Indian College at Cambridge
Indian College at Harvard
The Indian College at Harvard, the second educational building erected at the school, and the first to be constructed of brick, stood in Harvard Yard by 1655. The Indian College was to house, educate, and Christianize New England Native Americans. This directive was spelled out in the Harvard Charter of 1650:
[M]any well devoted persons have been, and daily are moved, and stirred up, to give and bestow, sundry gifts, legacies, lands, and revenues for the advancement of all good literature, arts, and sciences in Harvard College, in Cambridge in the County of Middlesex, and to the maintenance of the President and Fellows, and for all accommodations of buildings, and all other necessary provisions, that may conduce to the education of the English and Indian youth of this country, in knowledge and godliness…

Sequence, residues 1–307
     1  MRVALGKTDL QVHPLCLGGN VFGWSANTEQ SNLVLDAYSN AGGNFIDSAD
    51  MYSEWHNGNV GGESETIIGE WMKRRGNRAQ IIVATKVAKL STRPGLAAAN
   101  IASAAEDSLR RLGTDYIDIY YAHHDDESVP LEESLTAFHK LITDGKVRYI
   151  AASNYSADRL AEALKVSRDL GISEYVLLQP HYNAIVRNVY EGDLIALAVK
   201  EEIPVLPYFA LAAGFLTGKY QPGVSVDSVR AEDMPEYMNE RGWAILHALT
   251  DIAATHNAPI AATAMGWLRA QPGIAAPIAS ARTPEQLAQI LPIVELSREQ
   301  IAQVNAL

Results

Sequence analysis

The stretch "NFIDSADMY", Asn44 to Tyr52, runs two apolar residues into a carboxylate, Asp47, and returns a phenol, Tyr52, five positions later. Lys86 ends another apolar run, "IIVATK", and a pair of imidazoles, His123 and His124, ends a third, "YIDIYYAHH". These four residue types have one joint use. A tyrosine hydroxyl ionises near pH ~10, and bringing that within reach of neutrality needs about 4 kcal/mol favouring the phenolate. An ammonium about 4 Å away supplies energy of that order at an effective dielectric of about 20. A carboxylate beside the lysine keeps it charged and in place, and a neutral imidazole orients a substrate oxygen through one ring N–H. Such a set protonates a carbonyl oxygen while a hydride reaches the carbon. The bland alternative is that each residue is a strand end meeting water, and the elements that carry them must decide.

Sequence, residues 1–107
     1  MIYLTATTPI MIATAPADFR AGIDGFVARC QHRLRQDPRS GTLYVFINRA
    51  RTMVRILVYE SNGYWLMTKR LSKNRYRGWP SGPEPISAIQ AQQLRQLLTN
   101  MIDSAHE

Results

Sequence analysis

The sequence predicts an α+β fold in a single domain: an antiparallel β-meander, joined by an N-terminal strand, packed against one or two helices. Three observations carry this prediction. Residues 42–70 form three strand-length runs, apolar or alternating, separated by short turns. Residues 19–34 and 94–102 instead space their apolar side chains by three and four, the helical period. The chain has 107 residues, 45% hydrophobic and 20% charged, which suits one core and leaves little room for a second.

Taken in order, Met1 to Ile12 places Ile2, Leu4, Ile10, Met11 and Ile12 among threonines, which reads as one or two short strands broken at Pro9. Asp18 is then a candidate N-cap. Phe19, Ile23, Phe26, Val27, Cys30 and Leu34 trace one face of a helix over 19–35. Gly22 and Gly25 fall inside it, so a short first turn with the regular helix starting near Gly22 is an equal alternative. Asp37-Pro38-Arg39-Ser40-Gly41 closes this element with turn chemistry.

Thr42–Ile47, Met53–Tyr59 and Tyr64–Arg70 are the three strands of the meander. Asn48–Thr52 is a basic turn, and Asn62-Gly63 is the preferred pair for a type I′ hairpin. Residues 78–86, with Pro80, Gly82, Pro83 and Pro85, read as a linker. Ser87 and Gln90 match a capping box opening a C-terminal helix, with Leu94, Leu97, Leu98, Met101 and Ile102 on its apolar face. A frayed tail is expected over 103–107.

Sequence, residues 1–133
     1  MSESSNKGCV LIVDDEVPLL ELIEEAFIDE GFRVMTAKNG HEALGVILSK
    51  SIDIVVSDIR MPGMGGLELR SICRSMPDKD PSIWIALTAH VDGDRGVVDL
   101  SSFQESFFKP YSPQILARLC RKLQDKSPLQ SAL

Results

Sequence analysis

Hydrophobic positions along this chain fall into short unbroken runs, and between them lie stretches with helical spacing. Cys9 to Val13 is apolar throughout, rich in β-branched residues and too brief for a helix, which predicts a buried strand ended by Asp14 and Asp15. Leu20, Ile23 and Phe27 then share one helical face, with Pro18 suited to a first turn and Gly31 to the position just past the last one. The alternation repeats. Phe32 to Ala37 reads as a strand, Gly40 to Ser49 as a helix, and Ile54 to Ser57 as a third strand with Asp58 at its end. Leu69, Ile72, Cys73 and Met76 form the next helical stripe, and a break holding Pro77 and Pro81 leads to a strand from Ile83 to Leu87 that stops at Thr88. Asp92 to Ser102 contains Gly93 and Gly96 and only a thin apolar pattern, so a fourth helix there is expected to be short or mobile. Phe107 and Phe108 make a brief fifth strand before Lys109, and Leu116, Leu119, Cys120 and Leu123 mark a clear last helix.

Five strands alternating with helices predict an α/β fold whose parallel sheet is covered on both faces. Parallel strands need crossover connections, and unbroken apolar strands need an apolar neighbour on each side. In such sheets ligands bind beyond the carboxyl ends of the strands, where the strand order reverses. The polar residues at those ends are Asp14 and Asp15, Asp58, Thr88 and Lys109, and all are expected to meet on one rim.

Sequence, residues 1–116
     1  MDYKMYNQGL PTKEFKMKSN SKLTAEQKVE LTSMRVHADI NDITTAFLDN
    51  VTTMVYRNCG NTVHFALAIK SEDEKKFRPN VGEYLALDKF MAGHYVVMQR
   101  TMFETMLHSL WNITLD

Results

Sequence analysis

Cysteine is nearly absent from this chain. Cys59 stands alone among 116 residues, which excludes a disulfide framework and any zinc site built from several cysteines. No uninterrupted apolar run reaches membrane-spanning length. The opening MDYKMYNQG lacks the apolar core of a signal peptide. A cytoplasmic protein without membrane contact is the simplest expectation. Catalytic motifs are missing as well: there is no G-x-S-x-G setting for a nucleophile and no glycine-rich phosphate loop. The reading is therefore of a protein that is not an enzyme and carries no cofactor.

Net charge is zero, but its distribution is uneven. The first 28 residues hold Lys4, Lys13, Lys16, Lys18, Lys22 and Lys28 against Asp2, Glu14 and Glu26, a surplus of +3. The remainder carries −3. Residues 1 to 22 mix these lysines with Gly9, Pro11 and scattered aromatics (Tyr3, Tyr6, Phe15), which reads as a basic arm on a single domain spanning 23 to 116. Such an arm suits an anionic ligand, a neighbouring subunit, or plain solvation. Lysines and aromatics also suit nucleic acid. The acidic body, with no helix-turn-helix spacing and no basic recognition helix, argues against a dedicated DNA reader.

The Society for the Propagation of the Gospel in New England, a missionary corporation based in London that supported the evangelical work of English colonists, financially backed the construction of this building on the emerging Harvard campus.
Despite the Harvard Charter’s lofty goals, only five native students attended the Indian College at Harvard, including John Sassamon and James Printer in the 1650s. The Indian College was disbanded and demolished in the 1690s. During its brief existence, it housed the printing press in Cambridge. Recent archaeology at the site has revealed some incredible finds, including the type likely used by Nipmuc printer James Printer to set the text of the Algonquian Bible.